In yet another report that depicts the sorry state of food quality in the country, it was learnt that raw cow milk contains unusually high levels of pesticide, antibiotic and bacteria, according to a study conducted by the National Food Safety Laboratory of the Ministry of Health and Family Welfare. A whopping 96 percent of raw milk and 66-80 percent of packed milk were found to contain bacteria. And what's more, the presence of heavy metals in milk was traced to the source, i.e. cattle feed—of which around 69 percent was found to have high levels of chromium—and pesticide traced back to grass and other agricultural feeds.
The threat that this poses to public health cannot be put into words. It is hard to believe that millions of people are regularly consuming milk that is most likely contaminated and contains extremely toxic substances. This could lead to a horde of diseases ranging from rash to cancer.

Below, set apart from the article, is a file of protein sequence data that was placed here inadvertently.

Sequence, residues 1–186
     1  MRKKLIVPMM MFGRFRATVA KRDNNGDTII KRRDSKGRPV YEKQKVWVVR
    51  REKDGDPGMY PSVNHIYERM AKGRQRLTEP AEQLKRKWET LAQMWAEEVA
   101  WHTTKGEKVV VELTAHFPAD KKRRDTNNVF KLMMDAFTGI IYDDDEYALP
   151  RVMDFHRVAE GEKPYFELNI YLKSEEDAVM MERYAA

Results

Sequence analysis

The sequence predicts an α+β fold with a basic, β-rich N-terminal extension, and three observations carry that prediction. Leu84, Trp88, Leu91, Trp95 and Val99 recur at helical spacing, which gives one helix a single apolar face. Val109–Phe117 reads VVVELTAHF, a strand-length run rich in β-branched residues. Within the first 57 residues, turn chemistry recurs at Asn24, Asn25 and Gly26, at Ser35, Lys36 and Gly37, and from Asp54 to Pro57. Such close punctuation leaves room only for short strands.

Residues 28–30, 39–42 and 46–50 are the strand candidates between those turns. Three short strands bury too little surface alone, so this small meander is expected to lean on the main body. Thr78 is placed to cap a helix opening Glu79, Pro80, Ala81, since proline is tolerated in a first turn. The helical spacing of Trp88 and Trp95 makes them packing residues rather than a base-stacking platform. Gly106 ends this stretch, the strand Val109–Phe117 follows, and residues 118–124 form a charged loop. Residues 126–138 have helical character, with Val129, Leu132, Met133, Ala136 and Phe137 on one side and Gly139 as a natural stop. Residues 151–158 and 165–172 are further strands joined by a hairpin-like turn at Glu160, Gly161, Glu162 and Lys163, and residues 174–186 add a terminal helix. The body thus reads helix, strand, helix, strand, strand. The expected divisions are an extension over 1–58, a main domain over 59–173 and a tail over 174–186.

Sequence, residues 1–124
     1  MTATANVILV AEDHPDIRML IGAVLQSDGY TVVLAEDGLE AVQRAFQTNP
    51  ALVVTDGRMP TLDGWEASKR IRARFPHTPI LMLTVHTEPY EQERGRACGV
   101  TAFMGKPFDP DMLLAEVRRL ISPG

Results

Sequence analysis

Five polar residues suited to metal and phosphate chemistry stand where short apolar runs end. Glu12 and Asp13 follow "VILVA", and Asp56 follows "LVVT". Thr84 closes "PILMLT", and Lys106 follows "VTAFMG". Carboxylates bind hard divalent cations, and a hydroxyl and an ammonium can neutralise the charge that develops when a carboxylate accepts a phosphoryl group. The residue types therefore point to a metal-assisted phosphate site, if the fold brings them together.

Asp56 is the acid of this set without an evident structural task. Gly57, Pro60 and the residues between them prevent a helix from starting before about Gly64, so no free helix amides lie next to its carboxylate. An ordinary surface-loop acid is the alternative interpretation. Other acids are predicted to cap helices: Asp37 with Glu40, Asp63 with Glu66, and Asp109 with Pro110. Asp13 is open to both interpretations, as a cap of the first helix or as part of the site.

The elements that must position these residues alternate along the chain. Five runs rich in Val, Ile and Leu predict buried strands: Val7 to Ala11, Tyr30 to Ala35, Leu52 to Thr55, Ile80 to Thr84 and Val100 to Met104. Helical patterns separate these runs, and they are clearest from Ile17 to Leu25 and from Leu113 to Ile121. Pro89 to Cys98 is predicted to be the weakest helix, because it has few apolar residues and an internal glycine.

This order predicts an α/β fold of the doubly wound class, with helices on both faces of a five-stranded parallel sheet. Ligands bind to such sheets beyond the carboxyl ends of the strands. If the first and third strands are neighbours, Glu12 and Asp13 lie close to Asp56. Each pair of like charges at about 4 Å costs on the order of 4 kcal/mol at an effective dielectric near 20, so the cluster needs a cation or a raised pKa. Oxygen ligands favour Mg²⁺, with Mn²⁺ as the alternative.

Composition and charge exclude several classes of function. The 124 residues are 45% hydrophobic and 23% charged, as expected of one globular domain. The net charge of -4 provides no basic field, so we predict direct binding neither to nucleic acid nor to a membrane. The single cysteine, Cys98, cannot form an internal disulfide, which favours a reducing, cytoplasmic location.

Unfortunately, the nature of the problem is so complex that there is no easy short-term solution. But the fact that such a large percentage of milk is contaminated points to the absence of an effective monitoring mechanism which could have prevented adulterated milk from infiltrating the market. This has clearly gone on for so long that the problem has now snowballed. The health ministry needs to take notice and act on the High Court order made yesterday, which directed the concerned government authorities to conduct a survey to determine the extent to which milk and curd in the market have lead, antibiotic and bacteria. All contaminated milk must be withdrawn from the market. The Bangladesh Standards and Testing Institution must also step in and conduct drives to investigate the extent to which packed milk in the market is contaminated, and take action against companies that are selling adulterated food products. Moreover, there is an urgent need to launch mass awareness-raising programmes to educate farmers and feed manufacturers about the dangers of excessive use of antibiotics and pesticides.